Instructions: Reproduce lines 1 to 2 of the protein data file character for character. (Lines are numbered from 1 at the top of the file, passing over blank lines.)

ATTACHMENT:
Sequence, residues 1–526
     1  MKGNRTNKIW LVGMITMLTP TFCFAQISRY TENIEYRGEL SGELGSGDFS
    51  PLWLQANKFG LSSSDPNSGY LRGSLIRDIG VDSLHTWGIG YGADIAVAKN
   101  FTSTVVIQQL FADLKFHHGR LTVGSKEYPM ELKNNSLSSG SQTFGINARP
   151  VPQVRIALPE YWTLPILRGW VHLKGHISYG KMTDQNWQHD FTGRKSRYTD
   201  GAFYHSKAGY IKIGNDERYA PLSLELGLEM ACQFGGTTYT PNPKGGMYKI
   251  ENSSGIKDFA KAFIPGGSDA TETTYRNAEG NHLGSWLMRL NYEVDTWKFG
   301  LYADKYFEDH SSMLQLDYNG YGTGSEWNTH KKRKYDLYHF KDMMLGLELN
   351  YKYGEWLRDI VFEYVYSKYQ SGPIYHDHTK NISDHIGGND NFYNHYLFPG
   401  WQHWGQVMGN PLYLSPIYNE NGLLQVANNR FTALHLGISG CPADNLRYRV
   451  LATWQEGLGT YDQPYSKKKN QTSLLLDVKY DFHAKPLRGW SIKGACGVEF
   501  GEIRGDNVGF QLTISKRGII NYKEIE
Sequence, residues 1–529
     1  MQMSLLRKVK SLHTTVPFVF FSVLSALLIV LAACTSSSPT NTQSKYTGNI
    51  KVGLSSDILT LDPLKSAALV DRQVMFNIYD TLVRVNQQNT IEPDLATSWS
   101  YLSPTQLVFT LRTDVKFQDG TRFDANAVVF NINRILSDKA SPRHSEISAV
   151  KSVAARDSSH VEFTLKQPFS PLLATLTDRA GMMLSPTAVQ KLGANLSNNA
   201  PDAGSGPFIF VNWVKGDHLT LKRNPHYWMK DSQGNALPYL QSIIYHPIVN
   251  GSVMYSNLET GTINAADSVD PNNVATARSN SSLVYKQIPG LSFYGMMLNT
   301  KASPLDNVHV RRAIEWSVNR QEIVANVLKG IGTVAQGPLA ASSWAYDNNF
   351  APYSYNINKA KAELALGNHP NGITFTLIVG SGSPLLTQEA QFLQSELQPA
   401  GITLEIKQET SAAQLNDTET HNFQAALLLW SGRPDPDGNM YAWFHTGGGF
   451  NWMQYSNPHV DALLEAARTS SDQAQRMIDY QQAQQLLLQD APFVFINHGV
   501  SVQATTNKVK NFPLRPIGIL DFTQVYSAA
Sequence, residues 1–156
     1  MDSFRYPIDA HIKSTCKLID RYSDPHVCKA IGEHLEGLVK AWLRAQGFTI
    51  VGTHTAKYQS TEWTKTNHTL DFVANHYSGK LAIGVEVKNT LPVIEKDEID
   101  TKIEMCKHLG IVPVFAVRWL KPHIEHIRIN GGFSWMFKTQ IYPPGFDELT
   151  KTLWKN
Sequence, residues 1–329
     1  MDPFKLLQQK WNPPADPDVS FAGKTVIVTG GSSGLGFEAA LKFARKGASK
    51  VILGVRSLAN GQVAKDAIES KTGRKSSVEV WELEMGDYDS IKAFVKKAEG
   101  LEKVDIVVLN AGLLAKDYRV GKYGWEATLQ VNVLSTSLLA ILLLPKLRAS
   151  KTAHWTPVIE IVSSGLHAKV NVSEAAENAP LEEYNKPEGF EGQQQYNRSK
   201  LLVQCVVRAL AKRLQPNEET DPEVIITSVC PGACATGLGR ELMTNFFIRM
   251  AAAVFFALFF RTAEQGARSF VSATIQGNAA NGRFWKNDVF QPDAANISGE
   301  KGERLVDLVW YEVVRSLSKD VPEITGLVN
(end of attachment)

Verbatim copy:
Sequence, residues 1–526
     1  MKGNRTNKIW LVGMITMLTP TFCFAQISRY TENIEYRGEL SGELGSGDFS